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Events

Barton Myers: Works of Architecture and Urbanism
September 12–December 12, 2014
With works as varied as a Vidal Sassoon Salon from 1968, the U.S. Expo Pavilion in Seville, Spain in 1992, and his steel houses, this exhibit will present an overview of almost fifty years of architecture. Barton Myers first attracted attention in the late 1960s for his civic buildings and urban projects in Canada. He returned to the United States in 1984 to open a Los Angeles office and became known for his performing arts centers, campus buildings, and steel houses among many projects. 

The Barton Myers papers were donated to the Architecture and Design Collection of the AD&A Museum, UC Santa Barbara in 2000.  The archive covers Myers’s work from 1968 through 2002 and includes sketches and computer drawings, watercolors, images by well-known photographers, detailed study models and models of blocks-long sections of cities, as well as research notes, correspondence, lectures, and writings.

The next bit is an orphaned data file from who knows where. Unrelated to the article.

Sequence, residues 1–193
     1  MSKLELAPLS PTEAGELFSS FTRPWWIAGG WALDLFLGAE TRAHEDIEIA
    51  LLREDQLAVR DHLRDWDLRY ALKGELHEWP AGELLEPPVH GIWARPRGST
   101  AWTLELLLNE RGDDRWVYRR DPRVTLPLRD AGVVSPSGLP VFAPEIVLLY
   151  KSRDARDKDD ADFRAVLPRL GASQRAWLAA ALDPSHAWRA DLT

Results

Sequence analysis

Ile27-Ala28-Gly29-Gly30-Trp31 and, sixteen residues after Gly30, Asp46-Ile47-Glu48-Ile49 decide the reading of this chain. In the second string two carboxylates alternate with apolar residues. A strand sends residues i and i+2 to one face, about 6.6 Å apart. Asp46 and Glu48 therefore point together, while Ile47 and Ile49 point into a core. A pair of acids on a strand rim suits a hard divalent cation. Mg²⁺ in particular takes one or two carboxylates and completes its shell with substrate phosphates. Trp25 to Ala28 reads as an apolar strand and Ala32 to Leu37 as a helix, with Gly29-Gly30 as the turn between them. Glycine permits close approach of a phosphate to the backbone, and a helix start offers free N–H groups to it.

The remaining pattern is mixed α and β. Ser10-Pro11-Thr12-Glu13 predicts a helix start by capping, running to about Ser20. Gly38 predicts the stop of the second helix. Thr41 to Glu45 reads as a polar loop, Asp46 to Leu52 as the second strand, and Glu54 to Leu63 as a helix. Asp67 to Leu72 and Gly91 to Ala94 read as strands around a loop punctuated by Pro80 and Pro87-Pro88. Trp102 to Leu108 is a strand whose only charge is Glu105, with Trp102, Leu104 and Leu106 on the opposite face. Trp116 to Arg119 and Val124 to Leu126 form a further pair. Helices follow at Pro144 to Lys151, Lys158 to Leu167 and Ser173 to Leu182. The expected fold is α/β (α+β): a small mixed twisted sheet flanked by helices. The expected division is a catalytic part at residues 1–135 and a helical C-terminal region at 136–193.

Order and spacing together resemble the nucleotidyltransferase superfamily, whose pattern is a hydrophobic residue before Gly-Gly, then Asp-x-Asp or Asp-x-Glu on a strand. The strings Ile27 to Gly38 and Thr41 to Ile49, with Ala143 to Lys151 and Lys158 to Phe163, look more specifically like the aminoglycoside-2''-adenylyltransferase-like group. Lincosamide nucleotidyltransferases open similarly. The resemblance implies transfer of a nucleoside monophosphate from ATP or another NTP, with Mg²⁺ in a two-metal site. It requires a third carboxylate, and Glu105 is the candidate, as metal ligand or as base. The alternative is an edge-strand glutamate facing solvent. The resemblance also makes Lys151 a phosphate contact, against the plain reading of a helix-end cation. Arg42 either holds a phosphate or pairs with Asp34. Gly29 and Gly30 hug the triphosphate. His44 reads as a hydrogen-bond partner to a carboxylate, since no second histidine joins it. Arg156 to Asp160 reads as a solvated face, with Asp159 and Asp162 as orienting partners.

The West Hollywood Design District Presents Decades of Design 1948–2014
November 19, 2014–February 2015
The first-ever retrospective exhibition uncovering, examining and celebrating six decades of rich design history in West Hollywood. The curated ­­gallery will showcase design pioneers and present tastemakers through bold graphics, photographs and original product.

RICS Development Series Los Angeles 2014: Wilshire Grand Center
November 20, 2014
Join RICS Southern California chapter for the launch of their Los Angeles Development Series seminar, which takes an in-depth look at the development and construction of the upscale, world-class Wilshire Grand Project in downtown LA.

Innovation and Design Excellence in Healthcare Facilities Design: Today and Tomorrow
November 21, 2014
Hosted by AIA Los Angeles and AIA San Francisco, Future Care: Design for Health is a one-day healthcare symposium featuring the top minds in healthcare planning, design and construction. Speakers will address the rapidly changing healthcare environment and how these changes impact what healthcare providers need from the design and construction community.

Heath Ceramics Annual Sale
November 21–25, 2014
Heath's annual sale at their locations in Los Angeles, San Francisco and Sausalito offer deals on merchandise along with special presentations.

FOG Design + Art Fair
January 15–18, 2015
Benefiting the San Francisco Museum of Modern Art (SFMOMA), FOG Design+Art is a four-day celebration and exploration of modern and contemporary design, architecture, and art with dynamic exhibits, custom installations, art galleries, lectures, and discussions with leaders in the art and design worlds.

 

 

Competitions

Registration Opens: October 1